All the World's a LARP

In defense of LARPing as the inescapable modern condition.

LARPing has become a common term of dismissal, abuse, or jovial teasing across online discourse. In case you haven't come across it before, it stands for Live Action Role Playing. In its original use, it invokes people enacting fantasy scenarios in costumes with plastic swords, tin foil armor, and complicated (but not problematic) headdresses. In its more stabby usage, it implies that the LARPer is adopting specific ideas, aesthetics, or practices inauthentically, that they are wearing their ideological costume to gain attention or not wearing it quite right. 

I want to make the case that LARPing is inescapable. To whatever degree you wish to construct a life that deviates by any amount from the one emergent from your direct cultural substrate - which for most is hardly a continuation of a grand heritage - you will have to get there through no small amount of LARPing. 

Our current culture is a LARP generator because the spaces left for "authentic" cultural transmission have been progressively gutted by the pincer movement of a growing state and ever-more-refined market.

The most significant part of cultural transmission had the purpose of keeping you alive, both in a physical sense and a social sense. This is knowledge that has now been supplanted by the skillful work of Walmart, Google, Pfizer, Ford, the government, and their suppliers. If you're not Amish or someone raised in a bunker, your identity is probably not derived from a continuing tradition, but from a patchwork of radio jingles, Buffy the Vampire Slayer, and whatever else was on MTV in 2006.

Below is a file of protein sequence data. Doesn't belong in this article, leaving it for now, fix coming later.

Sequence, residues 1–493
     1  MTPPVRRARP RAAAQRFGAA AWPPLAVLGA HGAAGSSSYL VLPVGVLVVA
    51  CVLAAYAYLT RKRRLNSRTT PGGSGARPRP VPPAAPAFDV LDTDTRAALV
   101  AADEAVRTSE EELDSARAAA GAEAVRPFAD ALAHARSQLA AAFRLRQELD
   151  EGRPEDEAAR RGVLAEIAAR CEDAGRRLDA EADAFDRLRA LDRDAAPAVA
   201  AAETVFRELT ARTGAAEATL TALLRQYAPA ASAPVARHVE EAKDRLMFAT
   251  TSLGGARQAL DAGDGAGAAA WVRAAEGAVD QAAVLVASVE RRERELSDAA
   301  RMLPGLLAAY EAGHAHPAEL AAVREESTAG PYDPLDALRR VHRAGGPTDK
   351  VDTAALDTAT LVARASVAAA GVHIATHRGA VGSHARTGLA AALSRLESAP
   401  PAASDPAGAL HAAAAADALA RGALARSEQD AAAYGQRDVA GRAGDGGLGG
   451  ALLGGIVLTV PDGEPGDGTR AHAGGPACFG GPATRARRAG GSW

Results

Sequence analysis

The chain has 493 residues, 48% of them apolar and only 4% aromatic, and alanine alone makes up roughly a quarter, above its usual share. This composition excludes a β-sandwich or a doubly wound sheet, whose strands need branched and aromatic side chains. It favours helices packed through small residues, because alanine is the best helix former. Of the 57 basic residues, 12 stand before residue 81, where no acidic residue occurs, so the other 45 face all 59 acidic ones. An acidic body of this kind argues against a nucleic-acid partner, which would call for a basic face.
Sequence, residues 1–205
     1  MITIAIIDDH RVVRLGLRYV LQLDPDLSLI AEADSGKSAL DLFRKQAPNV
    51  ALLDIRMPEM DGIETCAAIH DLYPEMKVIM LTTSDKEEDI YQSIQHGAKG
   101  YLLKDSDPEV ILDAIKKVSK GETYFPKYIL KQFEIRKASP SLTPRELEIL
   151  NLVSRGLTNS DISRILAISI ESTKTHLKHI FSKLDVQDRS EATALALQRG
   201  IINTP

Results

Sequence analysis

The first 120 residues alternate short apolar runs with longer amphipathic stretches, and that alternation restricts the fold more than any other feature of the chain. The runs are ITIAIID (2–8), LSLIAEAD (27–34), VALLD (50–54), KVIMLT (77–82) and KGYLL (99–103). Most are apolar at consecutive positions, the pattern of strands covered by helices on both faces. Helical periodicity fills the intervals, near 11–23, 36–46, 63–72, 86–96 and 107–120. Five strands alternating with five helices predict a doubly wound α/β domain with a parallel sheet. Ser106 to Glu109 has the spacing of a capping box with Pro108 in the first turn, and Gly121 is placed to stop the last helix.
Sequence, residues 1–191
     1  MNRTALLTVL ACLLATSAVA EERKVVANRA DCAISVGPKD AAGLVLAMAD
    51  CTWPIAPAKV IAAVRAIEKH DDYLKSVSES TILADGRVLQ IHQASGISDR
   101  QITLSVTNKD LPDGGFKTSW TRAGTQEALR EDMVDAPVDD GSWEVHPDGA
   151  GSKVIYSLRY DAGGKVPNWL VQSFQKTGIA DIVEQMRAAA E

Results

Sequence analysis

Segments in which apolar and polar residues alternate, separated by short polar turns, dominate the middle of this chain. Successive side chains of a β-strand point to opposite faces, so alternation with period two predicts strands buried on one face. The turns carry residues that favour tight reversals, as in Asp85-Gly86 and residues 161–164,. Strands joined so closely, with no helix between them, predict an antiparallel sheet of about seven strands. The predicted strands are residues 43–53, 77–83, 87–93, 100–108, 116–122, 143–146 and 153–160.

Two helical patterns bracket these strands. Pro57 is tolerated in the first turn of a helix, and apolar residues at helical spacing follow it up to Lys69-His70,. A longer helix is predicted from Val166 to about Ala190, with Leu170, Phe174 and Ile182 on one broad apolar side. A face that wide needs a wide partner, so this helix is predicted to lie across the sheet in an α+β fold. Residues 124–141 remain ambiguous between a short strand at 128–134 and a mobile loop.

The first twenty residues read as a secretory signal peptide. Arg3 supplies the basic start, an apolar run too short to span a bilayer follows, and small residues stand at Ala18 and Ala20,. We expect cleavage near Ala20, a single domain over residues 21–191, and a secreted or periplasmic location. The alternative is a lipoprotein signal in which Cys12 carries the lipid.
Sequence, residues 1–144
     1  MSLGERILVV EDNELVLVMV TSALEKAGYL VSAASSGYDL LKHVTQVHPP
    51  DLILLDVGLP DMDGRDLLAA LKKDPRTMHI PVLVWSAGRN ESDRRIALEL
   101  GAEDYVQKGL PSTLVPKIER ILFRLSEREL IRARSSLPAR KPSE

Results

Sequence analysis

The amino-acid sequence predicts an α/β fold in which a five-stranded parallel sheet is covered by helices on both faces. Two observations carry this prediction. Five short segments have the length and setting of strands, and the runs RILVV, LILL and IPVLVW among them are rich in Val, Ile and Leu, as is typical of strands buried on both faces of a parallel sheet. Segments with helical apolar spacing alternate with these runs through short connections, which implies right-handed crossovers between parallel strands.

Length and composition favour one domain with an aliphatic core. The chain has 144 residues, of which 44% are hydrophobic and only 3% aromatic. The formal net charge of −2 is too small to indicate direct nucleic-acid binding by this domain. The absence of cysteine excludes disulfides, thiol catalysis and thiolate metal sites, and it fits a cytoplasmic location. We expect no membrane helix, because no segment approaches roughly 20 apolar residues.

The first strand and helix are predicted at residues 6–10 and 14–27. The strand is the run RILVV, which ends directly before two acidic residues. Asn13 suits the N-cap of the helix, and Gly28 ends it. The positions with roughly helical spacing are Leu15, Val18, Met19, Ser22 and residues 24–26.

Embedded in his spectrum of chosen identities, floating through the memetic and mimetic marinade of modernity, the liberated subject of the current order is a LARPer by default. 

A lot of LARPing that gets the side-eye consists of what I'd call "the voluntary reintroduction of friction.” It involves making things harder and turning away from easy things, be it through physical activity, nutrition, working with your hands, or adopting religious practices or rituals.

A lot of these things sound like bizarre, anachronistic things to do and attract incredulity. Why would you not just buy yogurt? Who has time to do that? Things with non-obvious benefits seem LARPier than most. But these are the things that add layers of commitment and skin-in-the-game to life. They may present as trivial choices or excessive quirks, but they add up. 

Our challenge is to test old, invent new, and implement effective constraints in a world powered by its ability to tear them down in its iterative pursuit of commoditized comfort. And yes, this means most often picking from an improvised, à la carte menu of constraint. The wholesale importation of the past as a proof of authenticity is neither possible nor sane. 

My grandfather got his first pair of soled shoes at the age of seven, and even then, he only wore them on Sundays. He was well versed in a traditional lifestyle and was responsible for a small subsistence farm and younger siblings from the second he remembered having a glimmer of consciousness. He was also devastated to leave his farm during collectivization, and he missed his horses until the day he died - but he didn't miss the hardship, because when he became a miner, he got a whole new set of constraints. He didn't feel the need to teach that hardship to my mother, who had her own assortment of issues to navigate during communism. Needless to say, I won't be raising my child without shoes or in some faux-totalitarian Truman show. We will be engaging in copious LARPing, though. 

I believe we should take LARPing as a given. You either LARP with gusto or you LARP involuntarily. A low-friction existence is more often than not a low-stakes existence, and to many, that is starting to become less and less appealing. Fail forward by LARPing backward. 


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